The visuals in Rift are a mixed bag. The more realistic feel of the game’s art sometimes works to create jaw-dropping zones. Scarlet Gorge, for example, is a visual masterpiece; the contrast of the nearly cloudless blue sky with the burning red canyon walls is gorgeous. However, Rift’s artists are sometimes all too willing to place you into zones that feel nasty by design. Scarwood, a level 30-35 zone, is a dreary local that I couldn’t wait to get out of.
Player character graphics are similarly mixed. Those who despise World of Warcraft’s “clownsuits” - sets of armor with ridiculously mis-matched colors –will be happy to know that Rift is no plagued with any similar problem. Most of the game’s armor looks realistic and meshes well with other pieces. However, this also means that the armor you receive is often visually dull. You’ll spend most of the game looking like a battle-worn soldier who has been on the front line without supplies for months.
Fortunately, the drab visuals don’t carry over to the user interface, which is excellent in nearly every way. The default map is visually exciting and useful, and most of the menus are both intuitive and nice to look at.
If you’re looking for audio stimulation, you won’t find a lot in Rift to be excited about. The sounds in the game are perfectly utilitarian but rarely much more. The music is extremely well executed, and better than that of many other MMOs, as it maintains a theme without becoming overly dramatic. However, it’s still essentially generic fantasy music and doesn’t offer any surprises.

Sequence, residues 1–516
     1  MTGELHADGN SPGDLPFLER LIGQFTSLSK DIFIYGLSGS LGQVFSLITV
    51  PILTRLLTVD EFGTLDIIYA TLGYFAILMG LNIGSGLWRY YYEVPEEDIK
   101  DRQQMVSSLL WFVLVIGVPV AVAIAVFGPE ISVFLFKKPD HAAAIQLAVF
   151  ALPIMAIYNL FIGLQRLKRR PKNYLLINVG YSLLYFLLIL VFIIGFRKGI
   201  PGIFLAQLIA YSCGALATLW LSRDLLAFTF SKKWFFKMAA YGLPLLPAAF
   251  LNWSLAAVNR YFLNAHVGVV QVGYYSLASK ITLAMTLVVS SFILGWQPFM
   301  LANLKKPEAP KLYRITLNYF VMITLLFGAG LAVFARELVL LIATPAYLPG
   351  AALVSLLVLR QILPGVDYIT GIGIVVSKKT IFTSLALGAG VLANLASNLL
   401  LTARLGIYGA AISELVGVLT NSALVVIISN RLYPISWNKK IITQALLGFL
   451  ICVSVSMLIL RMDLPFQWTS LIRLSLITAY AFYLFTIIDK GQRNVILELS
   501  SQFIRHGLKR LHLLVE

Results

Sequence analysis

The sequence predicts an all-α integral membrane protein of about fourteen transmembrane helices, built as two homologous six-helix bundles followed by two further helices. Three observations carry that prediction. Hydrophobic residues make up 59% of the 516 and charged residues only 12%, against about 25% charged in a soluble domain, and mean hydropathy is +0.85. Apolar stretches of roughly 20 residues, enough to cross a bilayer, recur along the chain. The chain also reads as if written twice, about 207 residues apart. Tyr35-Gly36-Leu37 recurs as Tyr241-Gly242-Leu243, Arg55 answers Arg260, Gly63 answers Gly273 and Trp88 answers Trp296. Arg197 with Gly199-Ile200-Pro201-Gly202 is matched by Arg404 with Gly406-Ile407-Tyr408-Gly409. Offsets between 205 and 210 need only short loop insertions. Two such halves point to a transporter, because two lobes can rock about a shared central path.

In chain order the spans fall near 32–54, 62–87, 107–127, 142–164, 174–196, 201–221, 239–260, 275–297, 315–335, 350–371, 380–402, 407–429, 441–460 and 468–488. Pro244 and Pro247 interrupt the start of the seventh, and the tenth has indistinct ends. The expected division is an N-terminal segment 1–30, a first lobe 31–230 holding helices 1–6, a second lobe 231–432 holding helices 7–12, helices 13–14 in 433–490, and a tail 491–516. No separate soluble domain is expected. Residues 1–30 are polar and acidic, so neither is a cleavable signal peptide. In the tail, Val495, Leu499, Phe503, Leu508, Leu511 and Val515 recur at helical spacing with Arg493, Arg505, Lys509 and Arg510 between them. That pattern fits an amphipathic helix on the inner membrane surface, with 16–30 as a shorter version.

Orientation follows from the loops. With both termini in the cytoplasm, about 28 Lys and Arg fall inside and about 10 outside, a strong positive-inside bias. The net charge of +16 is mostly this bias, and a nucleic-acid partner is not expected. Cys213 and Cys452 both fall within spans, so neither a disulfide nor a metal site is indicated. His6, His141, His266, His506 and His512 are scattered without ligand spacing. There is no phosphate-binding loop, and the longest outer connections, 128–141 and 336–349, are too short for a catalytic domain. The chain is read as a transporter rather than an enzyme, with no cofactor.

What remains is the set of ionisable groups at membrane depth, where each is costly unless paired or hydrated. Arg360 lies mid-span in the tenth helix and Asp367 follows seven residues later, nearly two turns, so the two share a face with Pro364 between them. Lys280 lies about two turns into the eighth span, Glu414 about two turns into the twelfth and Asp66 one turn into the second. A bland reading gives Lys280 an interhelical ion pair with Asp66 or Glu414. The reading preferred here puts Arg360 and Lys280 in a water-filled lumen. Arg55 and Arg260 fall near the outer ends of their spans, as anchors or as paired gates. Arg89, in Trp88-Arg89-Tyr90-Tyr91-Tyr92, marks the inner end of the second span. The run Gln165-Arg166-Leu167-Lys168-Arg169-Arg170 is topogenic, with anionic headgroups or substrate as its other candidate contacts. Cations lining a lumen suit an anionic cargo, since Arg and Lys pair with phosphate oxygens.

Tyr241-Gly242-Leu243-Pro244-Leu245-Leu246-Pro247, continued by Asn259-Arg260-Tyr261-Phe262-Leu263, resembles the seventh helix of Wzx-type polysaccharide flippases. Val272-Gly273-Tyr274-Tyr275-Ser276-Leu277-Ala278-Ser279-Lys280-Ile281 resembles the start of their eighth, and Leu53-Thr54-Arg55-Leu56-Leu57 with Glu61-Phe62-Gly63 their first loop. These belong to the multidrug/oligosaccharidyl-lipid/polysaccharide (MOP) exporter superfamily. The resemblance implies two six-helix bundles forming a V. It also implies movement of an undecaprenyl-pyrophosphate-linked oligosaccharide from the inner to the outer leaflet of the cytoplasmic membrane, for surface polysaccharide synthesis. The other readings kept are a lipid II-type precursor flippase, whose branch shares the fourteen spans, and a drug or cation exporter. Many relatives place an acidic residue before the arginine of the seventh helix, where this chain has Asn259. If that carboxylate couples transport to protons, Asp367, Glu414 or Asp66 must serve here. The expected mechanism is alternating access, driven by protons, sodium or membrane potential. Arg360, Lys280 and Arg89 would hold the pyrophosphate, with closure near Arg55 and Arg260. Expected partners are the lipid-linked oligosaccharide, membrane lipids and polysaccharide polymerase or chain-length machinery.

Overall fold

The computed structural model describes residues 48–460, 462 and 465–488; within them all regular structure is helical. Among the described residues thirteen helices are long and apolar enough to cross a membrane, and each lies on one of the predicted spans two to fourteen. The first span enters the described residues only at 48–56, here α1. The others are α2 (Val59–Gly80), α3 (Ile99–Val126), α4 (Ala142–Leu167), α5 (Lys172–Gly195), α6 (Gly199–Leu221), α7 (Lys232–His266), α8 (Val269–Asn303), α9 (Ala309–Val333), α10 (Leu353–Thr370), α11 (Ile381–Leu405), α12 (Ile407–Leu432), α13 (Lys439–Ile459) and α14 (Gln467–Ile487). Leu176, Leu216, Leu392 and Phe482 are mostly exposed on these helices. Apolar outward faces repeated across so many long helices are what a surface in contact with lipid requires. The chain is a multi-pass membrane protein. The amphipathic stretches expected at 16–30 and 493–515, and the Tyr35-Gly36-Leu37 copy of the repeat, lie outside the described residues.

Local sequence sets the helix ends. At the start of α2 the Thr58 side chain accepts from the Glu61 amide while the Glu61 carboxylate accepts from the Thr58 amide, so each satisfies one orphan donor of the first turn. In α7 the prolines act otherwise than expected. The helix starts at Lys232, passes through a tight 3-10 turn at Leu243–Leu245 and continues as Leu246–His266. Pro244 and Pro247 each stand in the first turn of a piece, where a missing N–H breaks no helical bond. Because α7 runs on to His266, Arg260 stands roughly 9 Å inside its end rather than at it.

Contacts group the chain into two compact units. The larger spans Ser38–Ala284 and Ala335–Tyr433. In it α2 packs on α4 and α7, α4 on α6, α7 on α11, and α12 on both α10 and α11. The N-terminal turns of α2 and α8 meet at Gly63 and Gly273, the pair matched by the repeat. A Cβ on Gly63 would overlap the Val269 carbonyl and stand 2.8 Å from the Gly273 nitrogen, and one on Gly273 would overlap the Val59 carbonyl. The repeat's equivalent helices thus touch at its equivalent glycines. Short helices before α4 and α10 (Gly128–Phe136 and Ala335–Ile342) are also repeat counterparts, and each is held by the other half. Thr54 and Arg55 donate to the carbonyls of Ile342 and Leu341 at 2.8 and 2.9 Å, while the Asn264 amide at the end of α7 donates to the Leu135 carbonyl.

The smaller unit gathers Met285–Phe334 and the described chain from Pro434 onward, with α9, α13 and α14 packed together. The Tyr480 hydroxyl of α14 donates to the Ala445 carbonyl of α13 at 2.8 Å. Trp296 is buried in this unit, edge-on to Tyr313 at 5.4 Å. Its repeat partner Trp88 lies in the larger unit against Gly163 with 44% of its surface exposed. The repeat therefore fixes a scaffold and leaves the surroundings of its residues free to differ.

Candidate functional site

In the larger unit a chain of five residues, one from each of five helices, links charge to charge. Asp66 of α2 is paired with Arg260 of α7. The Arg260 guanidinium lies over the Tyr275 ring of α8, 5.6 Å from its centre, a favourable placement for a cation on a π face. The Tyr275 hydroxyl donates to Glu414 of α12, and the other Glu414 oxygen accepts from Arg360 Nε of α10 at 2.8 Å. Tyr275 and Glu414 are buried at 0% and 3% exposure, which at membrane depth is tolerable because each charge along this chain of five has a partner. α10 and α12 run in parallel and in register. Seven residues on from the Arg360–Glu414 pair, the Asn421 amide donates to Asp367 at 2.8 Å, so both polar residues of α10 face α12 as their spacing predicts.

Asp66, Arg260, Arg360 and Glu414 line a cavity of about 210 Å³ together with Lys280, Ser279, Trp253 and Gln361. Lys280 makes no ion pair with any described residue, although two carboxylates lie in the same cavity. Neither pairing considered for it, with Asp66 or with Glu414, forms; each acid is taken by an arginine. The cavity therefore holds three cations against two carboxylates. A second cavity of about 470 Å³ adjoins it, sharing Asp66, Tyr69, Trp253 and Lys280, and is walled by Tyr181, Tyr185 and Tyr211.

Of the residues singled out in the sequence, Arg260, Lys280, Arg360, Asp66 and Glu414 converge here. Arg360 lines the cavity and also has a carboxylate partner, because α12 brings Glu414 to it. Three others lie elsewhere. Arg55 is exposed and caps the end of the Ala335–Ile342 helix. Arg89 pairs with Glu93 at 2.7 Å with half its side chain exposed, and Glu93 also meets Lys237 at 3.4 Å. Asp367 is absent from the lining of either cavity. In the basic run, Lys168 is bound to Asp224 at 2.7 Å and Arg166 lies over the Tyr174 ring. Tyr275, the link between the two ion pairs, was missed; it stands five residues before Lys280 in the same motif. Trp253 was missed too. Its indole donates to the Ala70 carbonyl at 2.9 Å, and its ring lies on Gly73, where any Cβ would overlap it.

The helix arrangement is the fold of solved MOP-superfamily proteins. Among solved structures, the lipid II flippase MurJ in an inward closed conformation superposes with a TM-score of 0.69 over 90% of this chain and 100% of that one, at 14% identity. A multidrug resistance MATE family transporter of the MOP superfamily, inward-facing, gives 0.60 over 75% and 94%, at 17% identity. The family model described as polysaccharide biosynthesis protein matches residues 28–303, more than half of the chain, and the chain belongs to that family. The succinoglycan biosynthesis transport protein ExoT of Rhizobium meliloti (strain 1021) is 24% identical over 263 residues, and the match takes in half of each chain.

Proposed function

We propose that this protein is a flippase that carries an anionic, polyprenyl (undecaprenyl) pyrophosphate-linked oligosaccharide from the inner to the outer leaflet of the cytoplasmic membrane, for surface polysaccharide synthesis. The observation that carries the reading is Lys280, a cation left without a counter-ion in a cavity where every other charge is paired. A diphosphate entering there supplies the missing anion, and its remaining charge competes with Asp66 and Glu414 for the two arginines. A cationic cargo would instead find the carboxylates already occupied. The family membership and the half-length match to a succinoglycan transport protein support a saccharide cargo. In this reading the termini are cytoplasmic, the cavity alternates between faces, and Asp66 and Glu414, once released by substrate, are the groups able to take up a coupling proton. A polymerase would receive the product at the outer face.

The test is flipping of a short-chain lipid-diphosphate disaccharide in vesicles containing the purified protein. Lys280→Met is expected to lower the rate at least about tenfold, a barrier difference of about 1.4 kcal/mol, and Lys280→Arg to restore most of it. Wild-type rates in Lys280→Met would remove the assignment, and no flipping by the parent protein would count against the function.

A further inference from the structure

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As I said in my recent World of Warcraft: Cataclysm review, the new expansion for WoW hooked me. But having leveled a character all the way to maximum for the first time, I eventually stalled. Raiding in World of Warcraft, and virtually every other MMO in existence, takes a tremendous amount of effort and preparation.
In Rift I took down my first Invasion raid boss with a group of at least fifty random people at level 11. It was an absolute blast. And if you don’t mind dealing with the ganking that occurs on the PvP servers, there is even more in store for you; in later zones the Guardians and Defiant share the space and the invasions, which means that running open-world PvP battles occur for the right to take down the Invasion raid boss and earn the rewards that go with it. Rift puts the multi-player back into MMO.
Will Rift ultimately be a huge hit? I haven’t a clue. But what I can tell you is that Rift is the best MMO I have ever played. Some players, having noticed the similarities to World of Warcraft, have questioned why they would play Rift instead. I think the question should be turned on its head; why play World of Warcraft instead of Rift? Why wait until level 85 to raid? Why spend days leveling with nary a player in site? Why run and fly about a world that is large but empty? Why put up with inflexible talent trees when you can instead mix-and-match however your please?
I’ve canceled my World of Warcraft subscription, and I don’t see myself going back.
All Images are Courtesy of Trion and Trion's Fan Website Package